Roh M.K.,University of California at Santa Barbara | Gillespie D.T.,Dan T Gillespie Consulting | Petzold L.R.,University of California at Santa Barbara
Journal of Chemical Physics | Year: 2010

The weighted stochastic simulation algorithm (wSSA) was developed by Kuwahara and Mura [J. Chem. Phys. 129, 165101 (2008)] to efficiently estimate the probabilities of rare events in discrete stochastic systems. The wSSA uses importance sampling to enhance the statistical accuracy in the estimation of the probability of the rare event. The original algorithm biases the reaction selection step with a fixed importance sampling parameter. In this paper, we introduce a novel method where the biasing parameter is state-dependent. The new method features improved accuracy, efficiency, and robustness. © 2010 American Institute of Physics.

Sanft K.R.,University of California at Santa Barbara | Gillespie D.T.,Dan T Gillespie Consulting | Petzold L.R.,University of California at Santa Barbara
IET Systems Biology | Year: 2011

Michaelis-Menten kinetics are commonly used to represent enzyme-catalysed reactions in biochemical models. The Michaelis-Menten approximation has been thoroughly studied in the context of traditional differential equation models. The presence of small concentrations in biochemical systems, however, encourages the conversion to a discrete stochastic representation. It is shown that the Michaelis-Menten approximation is applicable in discrete stochastic models and that the validity conditions are the same as in the deterministic regime. The authors then compare the Michaelis-Menten approximation to a procedure called the slow-scale stochastic simulation algorithm (ssSSA). The theory underlying the ssSSA implies a formula that seems in some cases to be different from the well-known Michaelis-Menten formula. Here those differences are examined, and some special cases of the stochastic formulas are confirmed using a first-passage time analysis. This exercise serves to place the conventional Michaelis-Menten formula in a broader rigorous theoretical framework. © The Institution of Engineering and Technology.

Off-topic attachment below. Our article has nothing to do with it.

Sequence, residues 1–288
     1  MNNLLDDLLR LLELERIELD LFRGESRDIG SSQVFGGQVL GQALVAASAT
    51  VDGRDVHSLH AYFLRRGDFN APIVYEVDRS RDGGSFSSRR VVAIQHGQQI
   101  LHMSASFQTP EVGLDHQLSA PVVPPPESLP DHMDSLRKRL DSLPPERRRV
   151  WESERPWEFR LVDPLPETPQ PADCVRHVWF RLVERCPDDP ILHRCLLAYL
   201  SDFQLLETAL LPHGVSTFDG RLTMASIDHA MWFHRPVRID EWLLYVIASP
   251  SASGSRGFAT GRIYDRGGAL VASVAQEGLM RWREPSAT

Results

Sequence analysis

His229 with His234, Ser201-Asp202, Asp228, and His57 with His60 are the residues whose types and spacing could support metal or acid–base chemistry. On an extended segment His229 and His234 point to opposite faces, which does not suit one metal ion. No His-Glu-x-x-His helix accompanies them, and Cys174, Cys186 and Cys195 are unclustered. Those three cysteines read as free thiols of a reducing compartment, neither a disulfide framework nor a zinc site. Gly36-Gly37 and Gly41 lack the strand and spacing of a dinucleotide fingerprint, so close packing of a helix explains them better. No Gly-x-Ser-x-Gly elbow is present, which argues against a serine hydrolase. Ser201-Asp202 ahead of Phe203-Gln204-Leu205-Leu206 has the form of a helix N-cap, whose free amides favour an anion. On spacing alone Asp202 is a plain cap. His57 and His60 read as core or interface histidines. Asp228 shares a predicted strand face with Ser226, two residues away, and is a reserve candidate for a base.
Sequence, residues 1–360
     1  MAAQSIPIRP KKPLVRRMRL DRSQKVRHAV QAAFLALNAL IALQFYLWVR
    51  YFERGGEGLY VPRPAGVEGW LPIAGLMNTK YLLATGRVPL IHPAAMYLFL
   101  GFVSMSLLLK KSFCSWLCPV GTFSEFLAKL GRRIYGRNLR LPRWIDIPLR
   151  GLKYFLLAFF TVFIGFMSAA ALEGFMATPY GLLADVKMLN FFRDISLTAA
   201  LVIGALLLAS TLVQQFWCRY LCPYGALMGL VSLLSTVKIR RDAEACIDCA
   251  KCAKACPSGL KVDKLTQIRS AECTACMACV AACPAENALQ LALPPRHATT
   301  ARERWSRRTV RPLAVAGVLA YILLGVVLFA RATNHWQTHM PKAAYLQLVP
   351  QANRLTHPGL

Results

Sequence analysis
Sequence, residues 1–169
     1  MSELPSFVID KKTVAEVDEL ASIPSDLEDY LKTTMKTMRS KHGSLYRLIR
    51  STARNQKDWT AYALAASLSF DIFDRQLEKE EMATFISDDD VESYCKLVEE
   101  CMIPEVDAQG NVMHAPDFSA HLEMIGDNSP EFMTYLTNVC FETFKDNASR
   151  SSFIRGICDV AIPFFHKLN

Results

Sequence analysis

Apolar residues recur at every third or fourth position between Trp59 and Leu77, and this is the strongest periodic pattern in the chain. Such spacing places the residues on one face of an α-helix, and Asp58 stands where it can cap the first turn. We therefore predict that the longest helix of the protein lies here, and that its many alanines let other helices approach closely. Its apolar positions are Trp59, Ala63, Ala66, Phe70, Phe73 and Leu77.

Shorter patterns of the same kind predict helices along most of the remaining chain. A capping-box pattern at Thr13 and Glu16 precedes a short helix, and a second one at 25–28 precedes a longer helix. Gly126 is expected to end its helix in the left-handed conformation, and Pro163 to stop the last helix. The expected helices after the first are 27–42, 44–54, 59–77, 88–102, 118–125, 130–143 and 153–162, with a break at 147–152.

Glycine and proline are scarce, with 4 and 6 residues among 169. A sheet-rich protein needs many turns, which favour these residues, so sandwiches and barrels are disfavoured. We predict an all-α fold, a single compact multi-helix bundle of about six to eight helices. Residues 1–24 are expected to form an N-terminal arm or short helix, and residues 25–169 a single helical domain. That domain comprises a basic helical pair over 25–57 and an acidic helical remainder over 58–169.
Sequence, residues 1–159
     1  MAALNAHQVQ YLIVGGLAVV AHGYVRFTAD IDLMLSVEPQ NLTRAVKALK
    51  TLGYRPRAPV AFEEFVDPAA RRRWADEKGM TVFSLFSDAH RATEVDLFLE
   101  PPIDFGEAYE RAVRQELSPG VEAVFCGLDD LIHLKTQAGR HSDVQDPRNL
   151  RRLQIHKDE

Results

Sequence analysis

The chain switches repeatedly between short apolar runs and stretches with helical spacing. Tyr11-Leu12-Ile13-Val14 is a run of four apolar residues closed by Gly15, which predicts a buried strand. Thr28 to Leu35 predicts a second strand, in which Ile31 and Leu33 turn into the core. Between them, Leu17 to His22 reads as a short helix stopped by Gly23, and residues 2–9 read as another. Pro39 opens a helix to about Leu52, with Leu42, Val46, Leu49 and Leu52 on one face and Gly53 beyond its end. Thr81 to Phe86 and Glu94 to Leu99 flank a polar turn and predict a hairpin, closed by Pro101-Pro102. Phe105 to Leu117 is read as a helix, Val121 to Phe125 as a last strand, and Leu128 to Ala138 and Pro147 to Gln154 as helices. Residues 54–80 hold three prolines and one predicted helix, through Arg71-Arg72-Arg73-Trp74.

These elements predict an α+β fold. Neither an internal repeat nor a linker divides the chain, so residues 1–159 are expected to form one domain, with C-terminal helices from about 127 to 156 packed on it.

Roh M.K.,University of California at Santa Barbara | Daigle Jr. B.J.,University of California at Santa Barbara | Gillespie D.T.,Dan T Gillespie Consulting | Petzold L.R.,University of California at Santa Barbara
Journal of Chemical Physics | Year: 2011

In recent years there has been substantial growth in the development of algorithms for characterizing rare events in stochastic biochemical systems. Two such algorithms, the state-dependent weighted stochastic simulation algorithm (swSSA) and the doubly weighted SSA (dwSSA) are extensions of the weighted SSA (wSSA) by H. Kuwahara and I. Mura [J. Chem. Phys. 129, 165101 (2008)]10.1063/1.2987701. The swSSA substantially reduces estimator variance by implementing system state-dependent importance sampling (IS) parameters, but lacks an automatic parameter identification strategy. In contrast, the dwSSA provides for the automatic determination of state-independent IS parameters, thus it is inefficient for systems whose states vary widely in time. We present a novel modification of the dwSSA-the state-dependent doubly weighted SSA (sdwSSA)-that combines the strengths of the swSSA and the dwSSA without inheriting their weaknesses. The sdwSSA automatically computes state-dependent IS parameters via the multilevel cross-entropy method. We apply the method to three examples: a reversible isomerization process, a yeast polarization model, and a lac operon model. Our results demonstrate that the sdwSSA offers substantial improvements over previous methods in terms of both accuracy and efficiency. © 2011 American Institute of Physics.